by Tom Shefchunas We decided long ago that we were never going to have a checklist when we trained our small group leaders in Transit. Basically, the logic went something like this: Relationships, good ones, could never be boiled down to a checklist. I wouldn’t want to volunteer for a job that can be boiled […]
by Tom Shefchunas
We decided long ago that we were never going to have a checklist when we trained our small group leaders in Transit. Basically, the logic went something like this:
- Relationships, good ones, could never be boiled down to a checklist.
- I wouldn’t want to volunteer for a job that can be boiled down into a checklist, would you? BORING!
- We want to be a ministry defined by our volunteers and quality relationships, not how well they completed a checklist.
That being said, the other side of the coin doesn’t sit well either. We can’t be a ministry that just throws people into the pool and hopes they can swim.
So, we gathered our best leaders together and asked them, “If you could say just a few things to new leaders, what would those things be?”
As we listened to them speak, themes started to emerge. Six themes actually. But that’s a blog for another time.
Even stranger, when we tried to put them in order of importance, none were more important than the other except for one.
That one we call “Fill up First.” It’s simply the statement or idea that in order to minister about a personal relationship with Jesus, you must have a strong and growing faith yourself.
Are we really surprised?
Isn’t it true in any ministry environment? Isn’t it true for you? If you are not healthy, your ministry is not healthy—for long.
So, in the end, one of the best things we can do for our ministries is to make sure we prioritize the development of our own faith, and our volunteers’ faith, over the ministry itself. We are at our best when we minister from the overflow of our own faith.
So, being a practical sort of guy, I put together a list of practical ideas to make sure you are doing this.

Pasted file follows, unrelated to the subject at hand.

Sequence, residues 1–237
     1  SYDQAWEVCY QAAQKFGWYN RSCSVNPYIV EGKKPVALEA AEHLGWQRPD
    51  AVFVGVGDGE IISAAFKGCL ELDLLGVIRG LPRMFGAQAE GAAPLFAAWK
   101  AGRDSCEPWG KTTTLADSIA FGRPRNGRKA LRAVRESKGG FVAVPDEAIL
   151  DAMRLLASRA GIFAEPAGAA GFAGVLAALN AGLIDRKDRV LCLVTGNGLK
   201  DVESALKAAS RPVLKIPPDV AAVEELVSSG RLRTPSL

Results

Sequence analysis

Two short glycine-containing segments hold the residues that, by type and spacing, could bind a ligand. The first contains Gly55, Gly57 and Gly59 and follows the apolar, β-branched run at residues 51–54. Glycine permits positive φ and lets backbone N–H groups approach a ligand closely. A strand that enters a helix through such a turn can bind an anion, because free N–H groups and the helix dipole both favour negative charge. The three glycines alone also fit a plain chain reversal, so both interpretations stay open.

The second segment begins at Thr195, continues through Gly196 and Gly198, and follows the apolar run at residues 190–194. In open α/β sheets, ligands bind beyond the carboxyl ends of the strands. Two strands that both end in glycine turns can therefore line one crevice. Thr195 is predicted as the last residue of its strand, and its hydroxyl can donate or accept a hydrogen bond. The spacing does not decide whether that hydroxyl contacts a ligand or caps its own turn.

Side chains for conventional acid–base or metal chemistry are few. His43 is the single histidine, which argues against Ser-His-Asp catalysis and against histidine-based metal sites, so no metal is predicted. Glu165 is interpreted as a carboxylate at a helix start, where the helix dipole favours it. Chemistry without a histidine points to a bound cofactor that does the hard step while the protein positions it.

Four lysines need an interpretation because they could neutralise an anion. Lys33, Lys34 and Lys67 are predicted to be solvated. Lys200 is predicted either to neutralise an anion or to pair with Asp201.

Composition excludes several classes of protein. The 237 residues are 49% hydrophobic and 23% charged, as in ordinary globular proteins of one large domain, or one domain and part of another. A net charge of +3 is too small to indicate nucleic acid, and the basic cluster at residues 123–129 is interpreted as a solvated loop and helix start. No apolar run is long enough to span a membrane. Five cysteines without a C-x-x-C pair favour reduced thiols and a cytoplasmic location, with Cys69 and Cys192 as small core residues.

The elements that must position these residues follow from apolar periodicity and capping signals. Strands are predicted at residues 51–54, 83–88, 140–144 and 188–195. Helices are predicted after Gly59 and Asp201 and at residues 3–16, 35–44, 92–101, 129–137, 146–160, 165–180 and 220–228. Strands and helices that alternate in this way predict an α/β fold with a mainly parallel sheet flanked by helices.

- Calendar a daily time to refuel. For me, I have a reoccurring appointment from every morning. It is a reminder every day to have that time. If I have something else come up, no big deal, I just move that appointment—but I don’t lose it!
- Ask for some accountability. For me, I have a guy that asks me specific questions, routinely. For instance, he asks if I’ve prayed with my wife today. There is no way to be wishy-washy when the questions are specific. What do you need to be held accountable for—specifically?
- Get enough sleep. A friend of mine considers his start to a day as the moment he goes to bed. Getting to be on time greatly increases the quality of my quiet time the next day.
- Schedule a quarterly day away. I learned this from a friend of mine. On your calendar, there should be a day that is less than 90 days away when you go away, with no computer, phone, or agenda and be with God. Trust me. This is huge.
There are so many more ideas. What works for you?
Tom is the multi-campus director of middle school for North Point Ministries. Tom’s passions are developing ministry leaders and anything that involves working with, recruiting, and developing the hundreds of volunteer small group leaders it takes to pull off Transit and Inside Out (North Point’s middle school and high school environments). Tom and his wife Julie live in Cumming, Georgia, with their three kids.